744. I was younger yesterday

I was younger yesterday.jpg

Today I have something fun to tell you about, a blast from the past. A new and ambitious friend, Greta Holt, has started a blog about courage, but not the kind of courage that sends you parachuting off a plane or climbing Mount Everest, although I suppose it could. The courage she's writing about is "mostly the quiet kind," meaning the courage that can fill any ordinary day for her readers. As Greta puts it, this courage is "the listening, helping, working and thinking kind." Greta recently read my first book, Just Think: Nourish Your Mind to Feed Your Soul, and asked if she could include one of its section as a blog post. Of course I said yes. Please please click through to her blog, "Courage and Humility: Explorations" and read "Math, Wisdom, and White Sand" ("I was Younger Yesterday" was its original title in JT). While you're there, I hope you'll dig into some other posts in her brand new and very thoughtful blog.


[Photo: taken last fall at an exhibit at the American Swedish Institute here in Minneapolis: "100 Days of Creative Balance" by designer and artist Tia Salmela Keobounpheng. To see many more photos of this exhibit, click through at the link to go to her page at MN Artists.]

742. What's next for this blog plus a look at what's gone before

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Last weekend, as an historic April blizzard dropped 18 inches of snow here in Minneapolis, I spent many hours on my laptop moving my blog from the site where it's been for 14 years over to the blog's page on my newer website, The Livelihood Project. (Here's the link for the blog over there.) I haven't closed the old website yet but likely will before year's end, redirecting the URL. As I moved content, I had the chance to revisit some posts I hadn't read in many years. While I didn't transfer over every single post– some of them just need to fade away–I was pleased that many stood the test of time.

Please bookmark the new site and plan on visiting it. If you are a subscriber, you'll soon get posts mailed out from the new site, through Mailchimp, but I still need to do a bit more work to transfer the mailing list. If you don't already subscribe but would like to, click this link. It will also give you option of subscribing to my Dear Reader newsletter as well.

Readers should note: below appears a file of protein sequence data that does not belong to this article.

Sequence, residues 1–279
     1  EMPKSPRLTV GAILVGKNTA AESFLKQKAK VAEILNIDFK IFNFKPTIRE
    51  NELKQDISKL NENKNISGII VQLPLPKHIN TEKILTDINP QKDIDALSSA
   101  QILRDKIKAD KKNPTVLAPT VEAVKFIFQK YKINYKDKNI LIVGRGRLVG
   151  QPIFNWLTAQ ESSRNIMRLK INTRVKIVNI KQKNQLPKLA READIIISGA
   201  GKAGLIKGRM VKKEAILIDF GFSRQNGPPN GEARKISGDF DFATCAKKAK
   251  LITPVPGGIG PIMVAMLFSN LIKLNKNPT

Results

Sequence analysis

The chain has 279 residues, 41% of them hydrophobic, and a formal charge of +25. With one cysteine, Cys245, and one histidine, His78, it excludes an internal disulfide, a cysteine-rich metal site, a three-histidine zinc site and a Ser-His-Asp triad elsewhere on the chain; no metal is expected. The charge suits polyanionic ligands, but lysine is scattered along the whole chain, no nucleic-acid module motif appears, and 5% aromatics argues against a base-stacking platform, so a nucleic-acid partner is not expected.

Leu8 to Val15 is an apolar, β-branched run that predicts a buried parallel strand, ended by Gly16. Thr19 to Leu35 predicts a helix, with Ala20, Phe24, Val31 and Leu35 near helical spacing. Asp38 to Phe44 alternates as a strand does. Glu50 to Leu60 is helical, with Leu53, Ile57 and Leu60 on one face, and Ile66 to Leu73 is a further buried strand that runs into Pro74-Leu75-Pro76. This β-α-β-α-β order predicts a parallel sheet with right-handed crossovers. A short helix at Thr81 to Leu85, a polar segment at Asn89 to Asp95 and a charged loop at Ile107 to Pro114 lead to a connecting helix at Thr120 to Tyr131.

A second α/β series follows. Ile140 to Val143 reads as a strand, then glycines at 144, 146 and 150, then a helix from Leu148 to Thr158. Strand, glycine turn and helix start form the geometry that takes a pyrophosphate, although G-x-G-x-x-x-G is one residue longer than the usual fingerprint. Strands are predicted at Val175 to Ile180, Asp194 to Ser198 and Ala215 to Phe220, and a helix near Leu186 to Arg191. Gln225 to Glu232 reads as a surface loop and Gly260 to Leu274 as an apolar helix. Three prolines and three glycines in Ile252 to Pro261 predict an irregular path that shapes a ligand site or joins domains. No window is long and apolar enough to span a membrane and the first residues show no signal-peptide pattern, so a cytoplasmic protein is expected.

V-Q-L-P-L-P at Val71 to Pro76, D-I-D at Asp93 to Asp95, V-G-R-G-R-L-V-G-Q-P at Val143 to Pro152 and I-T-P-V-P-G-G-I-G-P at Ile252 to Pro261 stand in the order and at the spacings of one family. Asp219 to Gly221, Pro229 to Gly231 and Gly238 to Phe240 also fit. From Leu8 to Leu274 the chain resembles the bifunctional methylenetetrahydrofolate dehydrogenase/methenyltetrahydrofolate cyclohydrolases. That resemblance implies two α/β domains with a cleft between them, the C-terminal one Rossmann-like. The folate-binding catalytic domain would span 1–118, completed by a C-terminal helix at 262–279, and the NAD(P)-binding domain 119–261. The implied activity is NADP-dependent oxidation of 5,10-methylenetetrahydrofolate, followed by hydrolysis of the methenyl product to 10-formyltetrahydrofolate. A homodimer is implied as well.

Given that I just took a fresh look at my 740+ posts, I thought it would be fun to choose a post from each year beginning in 2004, a time when blogs were still a new thing. These posts really aren't "the best" but somehow caught my attention now. The links go to the posts on the new site. If you're curious, enjoy!

2004: Day one (the first post)

2005: Comic books as a work of providence

2006: The eye that blinks

2007: When the lights go down

2008: Pick a day, any day

2009: Grace on the floor and in the theater

2010: Mystery at the table

2011: Report from a funeral

2012: The art of work

2013: New Year's intentions

2014: A rule and writing

2015: The person(s) behind a book blurb

2016: To be a person on whom nothing is lost

2017: The free and the brave and the kind

2018: An ordinary day on repeat


[Photo: taken of the undulating bench designed by Gaudi at the Park Güell in Barcelona. It was the first photo header I had for this blog.]

Blog tour 2014 update: baton fully passed

Blog tour 2014 update.jpg

Baton is not quite the right word to use within the context of a tour, but I'll use it anyway because it does the job. You may recall my blog tour post a couple weeks ago (here it is) in which I was tagged by friend Cathy Warner and so answered four questions about writing and tagged two friends who write and blog to then answer the same set of four questions who then would tag two more friends and so on and so forth. This is a quick post to say that both of the writers I tagged have now posted their responses. You can read Adele Konyndyk Gallogly's post here. You can read Margie Haack's post here.

Here's a sampling from Adele's responses:

"I write what I do because it is an honest way for me to wrestle with the world and the many mysteries, pains, and subtle miracles of being human. When I can sit with these tensions and capture what is true about them by creating something from them, it is deeply satisfying."

Here's a sampling from Margie's responses:

"I want to write to give people hope that we are not alone, that there are potentially other ways of looking at things. I want people to know there may not be answers, but there is Someone who is not surprised by any of our scheisse and loves us still."

I hope you'll click the links and get to know these two writers!


[Photo: a green waterfall of ground cover seen on a walk.]